If we ever needed a reminder of how significant an industry construction is, and how important skilled trades people are to the lives we live, coronavirus is providing that reminder.
If you’re one of the many British Columbians who considers construction work as a lesser occupation, this article is for you.
We’re recognizing the essential services which are continuing to operate because they are “essential to preserving life, health, public safety and basic societal functioning…the services British Columbians come to rely on in their daily lives.”
This April is Construction Month and the 180,000 skilled trades people in BC have been officially designated as essential workers.
BC’s health care workers and emergency responders are on the front lines of the war on COVID-19. They’re out there every day fighting the virus and risking their own lives in doing so, to care for the British Columbians who are ill and need their help.
And make no mistake: the skilled trades people who work in construction are also out there on the front lines. The front lines of our economy and our resilience. They’re out there applying their hard-earned skills and experience to build and maintain the structures we all rely on every day, to keep us functioning safely.
At nearly 10 per cent of BC’s total workforce and GDP, construction is essential to the health of our communities. Not just because of the size of the payroll, but because the built environment is essential to our very functioning as a society.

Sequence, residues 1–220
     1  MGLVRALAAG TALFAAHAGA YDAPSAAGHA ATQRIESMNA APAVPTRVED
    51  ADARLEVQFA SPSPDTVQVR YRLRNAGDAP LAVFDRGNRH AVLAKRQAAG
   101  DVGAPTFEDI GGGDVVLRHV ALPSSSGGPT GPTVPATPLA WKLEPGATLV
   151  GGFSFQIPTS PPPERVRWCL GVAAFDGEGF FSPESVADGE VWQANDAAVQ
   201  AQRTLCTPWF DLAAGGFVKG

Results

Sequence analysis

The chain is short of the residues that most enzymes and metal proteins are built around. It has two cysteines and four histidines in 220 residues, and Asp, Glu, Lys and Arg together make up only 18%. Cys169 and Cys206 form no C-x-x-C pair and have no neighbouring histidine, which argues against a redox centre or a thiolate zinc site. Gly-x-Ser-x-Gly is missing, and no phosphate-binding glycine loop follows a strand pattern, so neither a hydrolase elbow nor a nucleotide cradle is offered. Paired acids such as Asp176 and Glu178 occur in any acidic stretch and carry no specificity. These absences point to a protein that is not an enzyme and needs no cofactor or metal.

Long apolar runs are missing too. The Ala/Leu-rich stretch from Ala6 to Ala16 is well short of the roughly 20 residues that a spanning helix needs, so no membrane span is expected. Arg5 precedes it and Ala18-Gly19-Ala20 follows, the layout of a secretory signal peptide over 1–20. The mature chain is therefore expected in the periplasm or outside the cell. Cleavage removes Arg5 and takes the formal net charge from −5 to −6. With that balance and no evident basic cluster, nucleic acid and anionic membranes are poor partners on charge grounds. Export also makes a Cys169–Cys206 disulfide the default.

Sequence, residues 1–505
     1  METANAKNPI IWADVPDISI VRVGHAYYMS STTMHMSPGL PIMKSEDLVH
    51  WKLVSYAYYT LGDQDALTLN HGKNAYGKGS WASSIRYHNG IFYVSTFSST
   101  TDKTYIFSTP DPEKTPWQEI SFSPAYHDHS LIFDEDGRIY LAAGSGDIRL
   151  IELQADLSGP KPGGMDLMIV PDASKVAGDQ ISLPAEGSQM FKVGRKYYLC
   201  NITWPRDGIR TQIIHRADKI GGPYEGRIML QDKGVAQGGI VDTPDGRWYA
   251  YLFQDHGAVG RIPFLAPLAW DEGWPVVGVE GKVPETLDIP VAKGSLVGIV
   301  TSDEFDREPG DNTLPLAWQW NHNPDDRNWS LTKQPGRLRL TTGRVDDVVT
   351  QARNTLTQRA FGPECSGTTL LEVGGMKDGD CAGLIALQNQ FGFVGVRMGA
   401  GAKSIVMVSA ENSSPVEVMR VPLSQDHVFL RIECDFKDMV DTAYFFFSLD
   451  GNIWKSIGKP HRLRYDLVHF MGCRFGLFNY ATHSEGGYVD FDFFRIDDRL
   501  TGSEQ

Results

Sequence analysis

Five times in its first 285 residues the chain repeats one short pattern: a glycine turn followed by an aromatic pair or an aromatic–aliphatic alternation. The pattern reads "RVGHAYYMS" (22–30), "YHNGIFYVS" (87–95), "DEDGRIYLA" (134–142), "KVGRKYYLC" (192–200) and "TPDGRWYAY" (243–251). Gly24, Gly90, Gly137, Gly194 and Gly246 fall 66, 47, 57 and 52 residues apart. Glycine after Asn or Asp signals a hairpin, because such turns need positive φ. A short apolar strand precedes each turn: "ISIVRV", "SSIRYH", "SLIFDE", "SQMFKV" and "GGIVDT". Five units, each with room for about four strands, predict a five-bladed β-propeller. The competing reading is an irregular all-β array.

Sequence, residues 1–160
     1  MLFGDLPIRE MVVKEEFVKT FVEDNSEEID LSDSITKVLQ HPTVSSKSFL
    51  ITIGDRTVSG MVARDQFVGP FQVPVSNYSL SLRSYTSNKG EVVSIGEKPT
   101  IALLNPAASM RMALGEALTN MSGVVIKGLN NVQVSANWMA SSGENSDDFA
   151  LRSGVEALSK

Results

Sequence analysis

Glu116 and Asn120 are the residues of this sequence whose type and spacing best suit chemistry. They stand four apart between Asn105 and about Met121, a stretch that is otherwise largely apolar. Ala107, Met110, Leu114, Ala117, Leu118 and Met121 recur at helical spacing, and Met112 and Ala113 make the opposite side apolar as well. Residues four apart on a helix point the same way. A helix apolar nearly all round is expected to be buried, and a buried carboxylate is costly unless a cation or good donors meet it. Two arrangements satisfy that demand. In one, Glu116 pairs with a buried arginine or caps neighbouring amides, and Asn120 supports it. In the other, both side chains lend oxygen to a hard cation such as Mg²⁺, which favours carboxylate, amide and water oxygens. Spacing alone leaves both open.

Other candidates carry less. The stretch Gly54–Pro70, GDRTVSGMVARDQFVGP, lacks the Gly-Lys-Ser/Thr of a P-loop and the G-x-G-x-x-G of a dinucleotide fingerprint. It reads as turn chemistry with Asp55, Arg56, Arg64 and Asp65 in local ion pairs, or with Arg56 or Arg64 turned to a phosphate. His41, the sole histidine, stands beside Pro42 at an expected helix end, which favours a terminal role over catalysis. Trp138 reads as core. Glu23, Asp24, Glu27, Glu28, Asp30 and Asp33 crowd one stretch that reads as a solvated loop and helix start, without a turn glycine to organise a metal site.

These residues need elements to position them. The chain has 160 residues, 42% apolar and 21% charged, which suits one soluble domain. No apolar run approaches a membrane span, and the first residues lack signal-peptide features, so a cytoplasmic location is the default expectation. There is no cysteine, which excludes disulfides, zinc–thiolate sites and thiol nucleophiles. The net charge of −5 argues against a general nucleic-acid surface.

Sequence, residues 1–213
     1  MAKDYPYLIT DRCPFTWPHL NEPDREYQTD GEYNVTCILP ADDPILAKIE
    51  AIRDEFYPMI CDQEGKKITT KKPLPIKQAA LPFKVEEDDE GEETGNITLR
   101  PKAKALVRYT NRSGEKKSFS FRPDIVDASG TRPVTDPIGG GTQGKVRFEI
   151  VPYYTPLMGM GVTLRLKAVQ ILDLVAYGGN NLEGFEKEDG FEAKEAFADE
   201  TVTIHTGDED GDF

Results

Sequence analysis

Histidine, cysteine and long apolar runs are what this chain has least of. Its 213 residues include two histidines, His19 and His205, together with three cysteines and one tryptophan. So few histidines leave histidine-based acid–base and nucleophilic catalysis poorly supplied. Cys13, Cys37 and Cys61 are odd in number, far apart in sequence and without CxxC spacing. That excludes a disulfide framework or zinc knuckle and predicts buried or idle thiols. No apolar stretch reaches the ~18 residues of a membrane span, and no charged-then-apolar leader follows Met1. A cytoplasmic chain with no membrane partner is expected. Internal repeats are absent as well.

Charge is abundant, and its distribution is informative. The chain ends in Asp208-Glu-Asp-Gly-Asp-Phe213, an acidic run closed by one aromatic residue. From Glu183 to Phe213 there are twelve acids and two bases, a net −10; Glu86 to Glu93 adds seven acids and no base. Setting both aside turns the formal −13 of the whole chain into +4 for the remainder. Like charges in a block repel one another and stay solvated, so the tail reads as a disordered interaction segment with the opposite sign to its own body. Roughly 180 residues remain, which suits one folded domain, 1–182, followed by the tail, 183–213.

While we’re isolated at home because our businesses have been closed, or because we are caring for a loved one, we are – often invisibly – served by our tradespeople. Their work keeps the electricity and water and Netflix coming. It keeps the rain out and the heat in. It keeps the walls up and lights on.
And BC’s construction industry is building the new critical infrastructure that will be essential to recovery.
So this April, the third annual Construction and Skilled Trades Month in BC, please join the BC Construction Association, four Regional Construction Associations, LNG Canada, and many other generous sponsors, in recognizing the efforts of the construction workers in your life and your community.
Next time you’re passing a worksite (from a six-foot distance), give the workers a nod and a thank you. They’re doing an important job. They are essential.
We briefly considered cancelling Construction Month this year. But in the midst of extreme hardship it’s even more important to take a moment to thank people for the work they do to make our community strong. When your moment comes to say thank you, use it well.